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The Wilderness Years

November 18, 2010 Leave a comment Go to comments

Dear Chef Bourdain;

I know this is a food blog, but this is not a post about cooking your book, but rather about the food service industry. I finally got around to reading “Kitchen Confidential” and remember my own lost years which, hey, go figure – also involved food service. I didn’t stick with it though, I had neither the culinary degree, nor felt the calling like you describe.

I’m not sorry, either. Let’s be honest, for all but a precious few who have broken out to a larger success like you, working in restaurants is a pretty shitty job. My very first job was at 13 years old as a dish washer/ prep monkey at a mom-and-pop Cheesesteak/Italian restaurant in Philly. Even at that young age, I was just tall enough to reach into the sink to do the dishes, even though the chemicals nearly melted my flesh off. It didn’t though, so I just missed ending up a supervillain there, I guess. I also used the industrial Hobart slicer to slice sirloin from giant bloody chunks of meat for the sandwiches. I had to stand on a cardboard box to reach the slicer, but hey, it was the 80’s, safety and child labor was less of a big deal, you know? Once I’d sliced the steak, I had to chop it into about 1/4″ chunks with a big ol’ knife. You’d think starting on the chopping that young, I’d have some pretty hot knife skills today – but it just isn’t so. I’m a plodding, pedestrian knife-wielder, even though I’ve tried to get better.

S’anyway, I did a year of college and then stalled out. Mostly because I was a knucklehead, not because I couldn’t hack it. I ended up waiting tables for the next three years or so – and while I never ended up addicted to heroin or really anything other than sloth and slovenliness, I also didn’t managed to get much done. Some stuff happened, and I realized I couldn’t see myself waiting tables or working in the kitchen for a living. I picked up some shifts as a cook, too – the station for salads, cold sandwiches and desserts. It was your basic T.G.I. McFunster’s, though so it’s not like I learned anything other than to really loathe my life.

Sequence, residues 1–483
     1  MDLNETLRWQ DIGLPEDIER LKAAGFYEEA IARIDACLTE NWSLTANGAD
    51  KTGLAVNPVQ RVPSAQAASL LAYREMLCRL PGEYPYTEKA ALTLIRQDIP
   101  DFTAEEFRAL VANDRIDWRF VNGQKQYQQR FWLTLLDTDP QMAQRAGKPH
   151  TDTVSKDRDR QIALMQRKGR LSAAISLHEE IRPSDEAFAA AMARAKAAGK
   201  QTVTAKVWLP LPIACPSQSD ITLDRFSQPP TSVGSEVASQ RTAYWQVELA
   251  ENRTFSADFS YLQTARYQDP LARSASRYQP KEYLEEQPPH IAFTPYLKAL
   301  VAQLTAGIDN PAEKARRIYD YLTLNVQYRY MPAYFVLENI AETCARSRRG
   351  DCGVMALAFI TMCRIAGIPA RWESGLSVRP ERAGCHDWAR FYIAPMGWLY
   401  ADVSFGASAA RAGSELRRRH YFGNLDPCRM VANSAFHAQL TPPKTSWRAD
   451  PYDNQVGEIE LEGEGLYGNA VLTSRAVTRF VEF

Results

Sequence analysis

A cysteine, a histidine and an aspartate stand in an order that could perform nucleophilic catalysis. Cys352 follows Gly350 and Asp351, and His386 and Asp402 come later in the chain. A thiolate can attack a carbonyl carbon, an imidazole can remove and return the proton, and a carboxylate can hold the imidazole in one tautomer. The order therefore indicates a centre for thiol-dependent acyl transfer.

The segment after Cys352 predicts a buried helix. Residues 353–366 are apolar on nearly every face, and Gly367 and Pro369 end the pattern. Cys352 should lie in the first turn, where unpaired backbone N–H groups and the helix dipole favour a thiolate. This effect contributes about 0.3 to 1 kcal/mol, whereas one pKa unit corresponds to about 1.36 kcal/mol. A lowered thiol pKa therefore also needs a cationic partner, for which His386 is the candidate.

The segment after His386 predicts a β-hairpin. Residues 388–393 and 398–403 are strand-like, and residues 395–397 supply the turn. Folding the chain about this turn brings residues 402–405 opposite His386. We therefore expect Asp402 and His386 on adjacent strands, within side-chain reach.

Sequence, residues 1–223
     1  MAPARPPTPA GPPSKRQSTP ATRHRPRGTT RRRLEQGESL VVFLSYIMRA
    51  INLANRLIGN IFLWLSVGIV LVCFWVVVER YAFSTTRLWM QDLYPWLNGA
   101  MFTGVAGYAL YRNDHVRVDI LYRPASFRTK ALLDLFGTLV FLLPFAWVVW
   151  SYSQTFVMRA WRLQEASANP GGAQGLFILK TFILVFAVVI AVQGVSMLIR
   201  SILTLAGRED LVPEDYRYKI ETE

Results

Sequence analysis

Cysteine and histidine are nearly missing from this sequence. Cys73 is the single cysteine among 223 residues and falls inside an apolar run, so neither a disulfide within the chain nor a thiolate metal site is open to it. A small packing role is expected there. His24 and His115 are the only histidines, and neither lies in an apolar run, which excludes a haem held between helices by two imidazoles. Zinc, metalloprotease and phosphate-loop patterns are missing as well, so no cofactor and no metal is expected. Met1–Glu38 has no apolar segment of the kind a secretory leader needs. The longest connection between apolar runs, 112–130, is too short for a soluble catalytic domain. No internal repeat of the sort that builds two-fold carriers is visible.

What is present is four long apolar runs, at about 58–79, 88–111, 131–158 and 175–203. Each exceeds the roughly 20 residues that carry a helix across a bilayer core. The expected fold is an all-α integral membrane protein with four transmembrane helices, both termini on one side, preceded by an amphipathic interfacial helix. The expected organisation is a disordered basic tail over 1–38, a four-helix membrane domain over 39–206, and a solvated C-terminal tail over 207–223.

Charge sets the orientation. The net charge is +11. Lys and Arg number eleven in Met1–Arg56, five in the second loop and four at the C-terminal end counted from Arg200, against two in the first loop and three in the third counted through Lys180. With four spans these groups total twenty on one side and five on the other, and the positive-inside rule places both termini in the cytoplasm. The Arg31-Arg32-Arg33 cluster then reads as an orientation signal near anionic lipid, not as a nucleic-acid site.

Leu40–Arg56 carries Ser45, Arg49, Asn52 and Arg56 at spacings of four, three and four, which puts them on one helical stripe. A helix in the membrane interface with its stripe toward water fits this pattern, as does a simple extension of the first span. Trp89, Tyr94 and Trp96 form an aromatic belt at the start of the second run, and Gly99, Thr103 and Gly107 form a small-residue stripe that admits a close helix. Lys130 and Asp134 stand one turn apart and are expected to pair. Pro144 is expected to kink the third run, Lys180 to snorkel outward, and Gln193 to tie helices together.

Flash foward 20 years, and God, has it been that long? I’ve never worked in a restaurant or kitchen since, and I do not regret it one little bit. I’ve had some seriously shitty jobs in my life, jobs that involved things like jumping out of airplanes in the dark, or being the test case for a brain scanner, or working a tech support line. None of these jobs are even a fraction as shitty as restaurant work though. I mean, the Army was less stressful than waiting tables – doesn’t that tell you something?

So for the past while or so, I’ve been working for a company (and it’s a great job, and I’m really lucky!) that has constantly teetered on the edge of shutting down, getting bought, etc etc. No job security – and the economy is such that if I did get laid off it might be tricky getting hired again, there’s not much out there. So in the back of my mind, I’m thinking “Hey, I like cooking, maybe I should open a restaurant or one of those gourmet food trucks and dang, what’s on CNN, oh wait, I think I need a drink I wonder if I should get bigger pants or will I seriously get back to the gym heh I wonder what the dog is doing right now…” My thoughts wander, ok? You asked. Well, no you didn’t.

Reading “Kitchen Confidential” recalled to me my own wilderness years. Working till 2 or 3AM for a few measly bucks and then going out to drink and bitch about work with other waiters and cooks. Then getting a few short hours of restless sleep full of stress dreams before waking up and doing it again. I can see why heroin, cocaine, marijuana and alcohol were such tempting releases. Maybe I’d have been a happier loser if I had indulged. As it was I lived in a grotty apartment with two other slacker losers, and never  had enough money to pay all the bills, much less get even slightly ahead. It was a pretty miserable time.  On the other hand, I was skinny, so there was that.

So no. This is a great hobby, and I like taking my time to cook some really delectable meals, and learn new techniques – but I like not having to do it over and over again a hundred times a night under pressure to get it done RIGHT FUCKING NOW! No thanks. I’ll stick with computer geekery and really sumptuous meals with friends and loved ones – that’s the best of both worlds. And you know the biggest difference between me and professionals is? (Other than wearing clogs. Never.) I get to eat what I make. Better than just eating it, I get to share it with people I like, who I specifically invited over because I figured they’d really enjoy it, and be good company, too. That’s the part I like. So yeah, I’ve got a passion for food, but it’s for eating the food as much as making it! (Also why I’m no longer skinny.)

But I’m really glad you’re out there blazing the trail and reminding me how much it sucks.

Thanks, chef!


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